If the University of Notre Dame had a journalism program, we might not be making this tribute today. In the late 1950s, a young man from Louisiana headed to the land of the Fighting Irish hoping to become a sports reporter. Discovering no journalism classes there, he took the next best thing, English. Hooked by modern poetry, he went on to graduate school at Louisiana State University, taught literacy and literature with the Peace Corps in Brazil and then took a job in 1969 on a campus he’d never seen before: Carolina. Luckily for the University, George Lensing Jr., now Bowman and Gordon Gray Professor of Teaching, immediately fell in love with the campus and the town.
In his own words, the University has been the heart of his life for the last 30-some years. What he’d never say is that his generous heart and first-rate mind have enriched campus life immeasurably. George is not just a leading scholar of modern American poetry and an expert on Wallace Stevens. He’s the kind of demanding teacher whose classes are always full, whose students clamor to have lunch with him, whose former students invite him to their weddings. Joe Flora, former chair of the English department, says that though George often held administrative posts that would have let him reduce his teaching load, he never did. He didn’t want to lose contact with the students.
George has served the University as director of the English honors program, assistant dean of honors in the College of Arts and Sciences, chair of the committee on student conduct, member of the advisory board of the Campus Y and secretary of the faculty.
As director of the office of distinguished scholarships, he has mentored and coached dozens of students each year and improved tremendously UNC’s performance in this arena. George’s care with the most prestigious scholarships — the head-to-head national competitions among the best students in the country — has brought distinction to the University in a way few other things do. Carolina’s record under George’s guidance affirms the quality of undergraduate education here.
George gracefully juggles research, teaching and service — and he does something else that helps make a university great: He brings people together. Literally. He cooks for students several times a year at his house (they love his pot roast, says Eleanor Morris ’55). George holds an annual picnic for the Newman Center, which he advises. As secretary of the faculty, he hosted receptions that enabled faculty from across campus to get to know each other.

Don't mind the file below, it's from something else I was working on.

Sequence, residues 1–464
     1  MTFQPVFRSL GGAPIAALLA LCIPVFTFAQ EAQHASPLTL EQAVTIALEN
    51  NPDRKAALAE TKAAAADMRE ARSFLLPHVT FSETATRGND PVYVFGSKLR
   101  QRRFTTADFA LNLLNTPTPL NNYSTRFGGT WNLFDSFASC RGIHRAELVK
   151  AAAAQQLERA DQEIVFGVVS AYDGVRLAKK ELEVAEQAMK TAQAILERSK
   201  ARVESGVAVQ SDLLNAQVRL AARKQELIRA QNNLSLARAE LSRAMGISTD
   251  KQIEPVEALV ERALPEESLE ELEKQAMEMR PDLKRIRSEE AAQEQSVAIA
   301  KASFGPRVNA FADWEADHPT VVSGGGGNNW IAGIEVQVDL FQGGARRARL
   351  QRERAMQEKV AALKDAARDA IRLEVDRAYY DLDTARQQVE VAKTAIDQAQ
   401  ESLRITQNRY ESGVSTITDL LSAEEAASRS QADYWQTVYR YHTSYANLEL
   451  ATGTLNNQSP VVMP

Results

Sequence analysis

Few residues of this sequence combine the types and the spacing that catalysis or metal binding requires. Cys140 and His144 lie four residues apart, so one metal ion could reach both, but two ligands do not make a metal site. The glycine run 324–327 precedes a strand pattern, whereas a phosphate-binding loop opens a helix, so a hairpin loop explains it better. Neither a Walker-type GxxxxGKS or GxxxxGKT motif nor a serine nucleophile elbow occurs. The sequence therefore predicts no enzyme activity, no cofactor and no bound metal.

Every year George takes the Order of the Golden Fleece’s outgoing Jason and the incoming Jason out for lunch and a long conversation. “It made a huge difference in continuity,” says Eric Johnson ’02, a former Jason. “And it’s a good example of how much care and devotion George puts into the role of faculty advisor.” Under George’s guidance, the Fleece brings together student leaders from across campus to work behind the scenes, out of the limelight, for the good of our University.
George also stays in touch with retired faculty members and takes the lucky ones to see his beloved Tar Heels play. He’s the guy you want to stand next to when the English department gets together to sing at Christmas. “He’s as caring a human being as you will find,” Joe Flora says. “He’s the colleague you can absolutely trust.”
He’s also the colleague his fellows chose to represent them, and he is the mentor students appreciate both for his guidance and for his ability to step back and let them do their own thing. He’s the inspiring speaker chosen to give the December commencement address a few years back, and the prestigious E. Maynard Adams Lecture last fall. He’s also the one Dean Smith asked to talk with student athletes each year during a break in practice, an annual ritual that meant a great deal to him — and, we’re sure, to the athletes.
George Lensing is no stranger to awards. The Golden Fleece gave him a Chiron Award a few years back for his distinguished service to the order. He has received two University honors for undergraduate teaching excellence: the Tanner Award in 1984 and the Sanders Award in 2001. But something one of his former students did, unbeknownst to him, means as much to him as any award.
Sarah Dessen ’93 gave him a cameo role in her novel Dreamland, in which a high school English teacher named Mr. Lensing, glasses on his head and well-worn copy of T.S. Eliot’s poems in hand, urges his class to consider the symbolism of the mermaids in The Love Song of J. Alfred Prufrock. After all, Sarah says, “He taught me that poem.”
George, says Eric Johnson, is the kind of person who makes Carolina great. “His characteristics represent what the University wants to achieve in terms of teaching and service and research and in terms of character and integrity. In all those things, George is a great representative of the University.”
The Faculty Service Award is presented by the GAA Board of Directors.